Impact of a Bullet into a Block

So I checked out the physics class I was taking on ratemyprofessor.com and John Ross was the guy who was teaching it. He had good reviews, so I figured I'll take his class. Well, a TA is teaching it, and I won't name the person, but he isn't really a teacher--even with his PhD in astrophysics. Needless to say, I'll probably be needing quite a bit of help. Thanks in advance for anyone who does help.

Homework Statement

A 12g bullet is fired in a 87.8g block of wood at rest on a horizontal surface and stays inside. After impact, the block slides 9.8m before coming to rest. The acceleration of gravity is 9.8 m/s^2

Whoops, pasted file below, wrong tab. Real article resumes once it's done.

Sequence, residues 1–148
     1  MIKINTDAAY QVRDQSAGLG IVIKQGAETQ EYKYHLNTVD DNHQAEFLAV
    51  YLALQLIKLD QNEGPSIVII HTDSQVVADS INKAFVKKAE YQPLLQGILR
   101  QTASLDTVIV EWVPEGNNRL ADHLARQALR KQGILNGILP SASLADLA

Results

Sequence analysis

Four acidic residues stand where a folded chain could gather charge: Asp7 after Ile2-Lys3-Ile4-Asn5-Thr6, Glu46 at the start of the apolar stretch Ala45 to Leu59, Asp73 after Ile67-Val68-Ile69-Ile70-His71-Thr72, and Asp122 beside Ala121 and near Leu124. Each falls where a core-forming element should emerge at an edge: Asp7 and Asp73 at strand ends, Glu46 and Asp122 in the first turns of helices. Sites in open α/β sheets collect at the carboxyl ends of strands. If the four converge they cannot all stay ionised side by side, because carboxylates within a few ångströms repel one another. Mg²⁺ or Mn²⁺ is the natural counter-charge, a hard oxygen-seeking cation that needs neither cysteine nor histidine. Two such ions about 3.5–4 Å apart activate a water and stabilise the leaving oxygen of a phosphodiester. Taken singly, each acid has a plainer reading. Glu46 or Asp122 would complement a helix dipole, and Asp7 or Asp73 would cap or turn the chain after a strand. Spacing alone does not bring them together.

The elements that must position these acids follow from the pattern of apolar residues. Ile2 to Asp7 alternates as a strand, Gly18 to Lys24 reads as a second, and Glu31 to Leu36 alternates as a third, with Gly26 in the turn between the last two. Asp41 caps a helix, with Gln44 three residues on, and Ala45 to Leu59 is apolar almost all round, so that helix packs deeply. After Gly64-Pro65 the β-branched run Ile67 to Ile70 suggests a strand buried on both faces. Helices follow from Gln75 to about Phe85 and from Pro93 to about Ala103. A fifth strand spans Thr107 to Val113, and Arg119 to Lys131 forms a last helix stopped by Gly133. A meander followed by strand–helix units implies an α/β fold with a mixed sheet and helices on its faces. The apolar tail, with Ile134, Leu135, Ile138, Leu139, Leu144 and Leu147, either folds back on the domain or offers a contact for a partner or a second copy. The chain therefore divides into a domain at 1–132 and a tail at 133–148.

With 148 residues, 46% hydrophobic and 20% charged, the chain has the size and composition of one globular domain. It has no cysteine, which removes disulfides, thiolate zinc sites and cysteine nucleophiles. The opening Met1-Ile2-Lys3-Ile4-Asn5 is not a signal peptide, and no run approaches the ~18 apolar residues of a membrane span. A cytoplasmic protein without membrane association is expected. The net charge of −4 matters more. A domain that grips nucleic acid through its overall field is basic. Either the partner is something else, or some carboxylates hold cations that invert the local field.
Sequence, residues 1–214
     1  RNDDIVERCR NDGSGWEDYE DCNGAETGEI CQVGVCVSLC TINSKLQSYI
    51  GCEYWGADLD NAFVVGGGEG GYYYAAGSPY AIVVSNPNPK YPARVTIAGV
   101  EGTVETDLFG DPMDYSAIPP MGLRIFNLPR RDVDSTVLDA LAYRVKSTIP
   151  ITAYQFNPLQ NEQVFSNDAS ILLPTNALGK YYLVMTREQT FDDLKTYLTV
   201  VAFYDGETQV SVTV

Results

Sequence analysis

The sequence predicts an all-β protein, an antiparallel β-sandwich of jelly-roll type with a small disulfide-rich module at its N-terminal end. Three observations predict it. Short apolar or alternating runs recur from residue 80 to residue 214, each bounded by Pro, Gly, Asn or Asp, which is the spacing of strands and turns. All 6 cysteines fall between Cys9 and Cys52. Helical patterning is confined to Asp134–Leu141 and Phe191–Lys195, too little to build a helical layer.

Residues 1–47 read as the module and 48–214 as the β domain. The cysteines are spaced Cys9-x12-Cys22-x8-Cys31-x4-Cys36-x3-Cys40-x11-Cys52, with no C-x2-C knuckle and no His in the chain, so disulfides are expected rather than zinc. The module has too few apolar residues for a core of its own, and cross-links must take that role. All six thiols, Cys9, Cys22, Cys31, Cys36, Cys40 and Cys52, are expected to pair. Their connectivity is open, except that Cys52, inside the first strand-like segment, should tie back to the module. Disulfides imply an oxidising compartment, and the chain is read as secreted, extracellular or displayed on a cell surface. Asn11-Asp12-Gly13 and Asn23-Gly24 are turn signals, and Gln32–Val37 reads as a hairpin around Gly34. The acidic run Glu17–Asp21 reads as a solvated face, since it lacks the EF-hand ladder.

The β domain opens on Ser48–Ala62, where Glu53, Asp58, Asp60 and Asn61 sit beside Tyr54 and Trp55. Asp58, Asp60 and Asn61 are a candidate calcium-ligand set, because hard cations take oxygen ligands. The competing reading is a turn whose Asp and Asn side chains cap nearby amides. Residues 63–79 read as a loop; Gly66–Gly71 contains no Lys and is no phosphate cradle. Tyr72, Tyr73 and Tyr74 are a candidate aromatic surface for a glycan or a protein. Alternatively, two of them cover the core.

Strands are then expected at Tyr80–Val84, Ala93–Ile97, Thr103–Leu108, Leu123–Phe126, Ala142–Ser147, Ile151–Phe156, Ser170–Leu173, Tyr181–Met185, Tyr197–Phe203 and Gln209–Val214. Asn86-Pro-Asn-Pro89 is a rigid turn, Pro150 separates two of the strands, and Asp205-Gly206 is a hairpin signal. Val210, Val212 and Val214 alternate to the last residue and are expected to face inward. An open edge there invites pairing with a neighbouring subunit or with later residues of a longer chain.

If the coefficient of friction between the surface and the block is .5, find the speed of the bullet before impact.

Homework Equations

Normal Force = mg
Work = Distance * Force
Another one with velocity in the variable

The Attempt at a Solution

The farthest I got was finding the frictional force that opposes the motion of the block.

Normal Force = (.012+.0878)(9.8) = .97804 in the upward direction
Friction Force = (.5)(.97804) = .48902

I suppose I could turn that into work, which would be:

Work = (.48902)(9.8) = 4.79240 in the westward direction

That gives me the force that opposes the motion of the block, but I don't think that gets me anywhere closer to the velocity. This is where I am stuck, and although I know the answer, I will have to know how to do this for the test. Any guidance will be much appreciated.